[0079] User equipment (UE) may be defined as equipment such as a UMTS mobile device. Node B is a UTRAN network interface to the UMTS radio interface. A radio network controller (RNC) can perform autonomous radio resource management (RRM) with UTRAN. The RNC performs the same function as the GSM BSC and can perform centralized control of RNS elements (RNC and Node B). The RNC handles protocol exchanges between the Iu-PS, Iu-CS, Iur, and Iub interfaces and is responsible for centralized operation and maintenance of the entire radio network system. The RNC can communicate directly with other RNCs when needed through a standardized Iur interface.

  [0080] A serving GPRS support node (SGSN) monitors the current location of individual GPRS capable mobile stations and performs basic security functions and access control functions. SGSN can serve both GERAN and UMTS wireless networks of Global System for Mobility (GSM).

  [0081] The Gateway GPRS Support Node (GGSN) acts as a system routing gateway for the GPRS network. The GGSN is a connection to an external packet data network (eg, the public Internet) and performs billing, routing, security firewalling, and access filtering tasks. A gateway MSC (GMSC) acts as a bridge that guides roaming subscribers to visited MSCs in another operator's network. Both control signaling and traffic trunks are established through GMSC.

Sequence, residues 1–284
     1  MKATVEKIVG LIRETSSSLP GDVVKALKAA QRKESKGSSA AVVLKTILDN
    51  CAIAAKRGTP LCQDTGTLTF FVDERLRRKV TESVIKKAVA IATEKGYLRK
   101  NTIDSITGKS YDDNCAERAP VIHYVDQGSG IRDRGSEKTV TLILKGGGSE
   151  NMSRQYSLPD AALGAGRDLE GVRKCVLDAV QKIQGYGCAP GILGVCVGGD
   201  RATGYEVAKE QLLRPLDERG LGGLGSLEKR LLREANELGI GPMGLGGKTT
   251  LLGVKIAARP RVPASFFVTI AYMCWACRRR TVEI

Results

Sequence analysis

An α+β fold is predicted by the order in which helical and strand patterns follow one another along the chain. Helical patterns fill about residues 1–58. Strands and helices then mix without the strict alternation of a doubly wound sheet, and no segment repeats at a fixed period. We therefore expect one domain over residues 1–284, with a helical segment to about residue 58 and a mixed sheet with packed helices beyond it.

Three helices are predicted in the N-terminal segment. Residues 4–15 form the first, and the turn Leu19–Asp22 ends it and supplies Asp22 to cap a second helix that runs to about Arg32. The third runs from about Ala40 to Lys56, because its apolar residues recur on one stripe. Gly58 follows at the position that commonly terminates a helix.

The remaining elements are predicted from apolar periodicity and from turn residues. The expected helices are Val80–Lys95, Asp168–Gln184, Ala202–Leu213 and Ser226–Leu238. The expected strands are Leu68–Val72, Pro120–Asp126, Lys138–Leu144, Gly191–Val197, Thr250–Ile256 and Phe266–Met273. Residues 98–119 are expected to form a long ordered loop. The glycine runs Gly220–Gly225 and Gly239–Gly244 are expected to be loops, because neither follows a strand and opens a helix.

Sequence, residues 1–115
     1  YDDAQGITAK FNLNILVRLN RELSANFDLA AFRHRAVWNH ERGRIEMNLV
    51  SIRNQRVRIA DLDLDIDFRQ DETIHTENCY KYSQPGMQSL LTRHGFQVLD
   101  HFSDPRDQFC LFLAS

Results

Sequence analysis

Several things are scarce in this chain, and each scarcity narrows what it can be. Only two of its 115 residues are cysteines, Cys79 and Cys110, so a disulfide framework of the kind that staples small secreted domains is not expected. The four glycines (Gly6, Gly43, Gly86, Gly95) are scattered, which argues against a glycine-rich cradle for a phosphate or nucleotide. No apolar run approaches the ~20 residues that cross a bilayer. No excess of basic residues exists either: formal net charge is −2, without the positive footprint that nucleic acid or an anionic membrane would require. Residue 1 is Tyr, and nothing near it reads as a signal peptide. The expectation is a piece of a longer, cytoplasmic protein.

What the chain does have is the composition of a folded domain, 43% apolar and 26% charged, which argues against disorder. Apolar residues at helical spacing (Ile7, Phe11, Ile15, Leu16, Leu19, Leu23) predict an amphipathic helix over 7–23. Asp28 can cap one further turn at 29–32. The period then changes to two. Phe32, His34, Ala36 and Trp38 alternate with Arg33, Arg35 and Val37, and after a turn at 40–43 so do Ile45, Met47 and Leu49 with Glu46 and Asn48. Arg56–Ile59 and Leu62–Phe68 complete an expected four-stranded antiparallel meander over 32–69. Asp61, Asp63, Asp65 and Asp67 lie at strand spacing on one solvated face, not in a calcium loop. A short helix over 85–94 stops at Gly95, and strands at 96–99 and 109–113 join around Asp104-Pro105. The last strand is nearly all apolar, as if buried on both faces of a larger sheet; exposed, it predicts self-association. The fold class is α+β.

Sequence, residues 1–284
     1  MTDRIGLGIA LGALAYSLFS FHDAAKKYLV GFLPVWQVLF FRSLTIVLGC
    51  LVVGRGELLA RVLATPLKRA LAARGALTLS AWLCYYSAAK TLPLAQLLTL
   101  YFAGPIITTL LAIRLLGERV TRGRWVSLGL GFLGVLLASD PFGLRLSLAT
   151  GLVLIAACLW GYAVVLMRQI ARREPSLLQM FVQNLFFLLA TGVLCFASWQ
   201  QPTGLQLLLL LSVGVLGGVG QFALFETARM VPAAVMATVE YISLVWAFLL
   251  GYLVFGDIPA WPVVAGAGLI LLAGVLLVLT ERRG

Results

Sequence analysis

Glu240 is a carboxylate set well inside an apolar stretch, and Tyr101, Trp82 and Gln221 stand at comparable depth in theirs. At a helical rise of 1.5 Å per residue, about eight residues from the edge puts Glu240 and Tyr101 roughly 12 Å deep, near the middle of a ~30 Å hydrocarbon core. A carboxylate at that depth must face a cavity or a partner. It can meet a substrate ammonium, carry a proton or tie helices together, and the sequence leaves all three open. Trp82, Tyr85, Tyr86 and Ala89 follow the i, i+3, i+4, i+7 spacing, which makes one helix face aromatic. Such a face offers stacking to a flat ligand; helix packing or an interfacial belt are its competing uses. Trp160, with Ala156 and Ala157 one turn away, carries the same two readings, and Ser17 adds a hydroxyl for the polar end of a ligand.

[0082] Um is a GSM wireless interface. Uu is a UMTS wireless interface. The Iub interface is located on the UMTS network and is found between the RNC (Radio Network Controller) and the Node B. Iupc can interconnect a UMTS RNC with a SMLC (also referred to as a SAS) in a UMTS network to perform position estimation. The Iu-CS (circuit switched) interface can connect the UMTS RNC with a circuit switched communication oriented network (MSC). The Iu-PS (packet switched) interface can connect the UMTS RNC with a packet switched communication oriented network (SGSN). The Gb interface can interconnect the BSC with the SGSN and enables GPRS communication routing.

  [0083] The Gn interface is a GPRS network packet data interface, and is arranged between the SGSN and the GGSN. The Gs interface is a GPRS system interface and is located between the SGSN and the MSC. The Gr (not shown) interface is a GSM-MAP interface and is located between the SGSN and a home location register (HLR) located on the SS7 network.

  [0084] As described in US Pat. No. 6,782,264, a base transceiver station (BTS) that leads to a base station controller (BSC) link (eg, an Avis link) is monitored and triggered. It is possible to detect message and information fields. In the '264 patent, a passive network monitor called AMS (Avis Surveillance System) is exemplified to monitor the GSM Avis interface. This passive network monitor has been expanded according to the present invention and will be referred to herein as a link monitoring system or LMS. A link monitoring system (LMS) 711 can simultaneously monitor multiple cellular network data links, scan subject data, and detect specific messages or data fields within the message. Target message or data field setting or tasking can be done at any time. If a match occurs, the LMS 711 is further triggered to pre-set operations such as writing to storage memory, or forwarding a triggering message and / or data field to another system node (action) can be executed.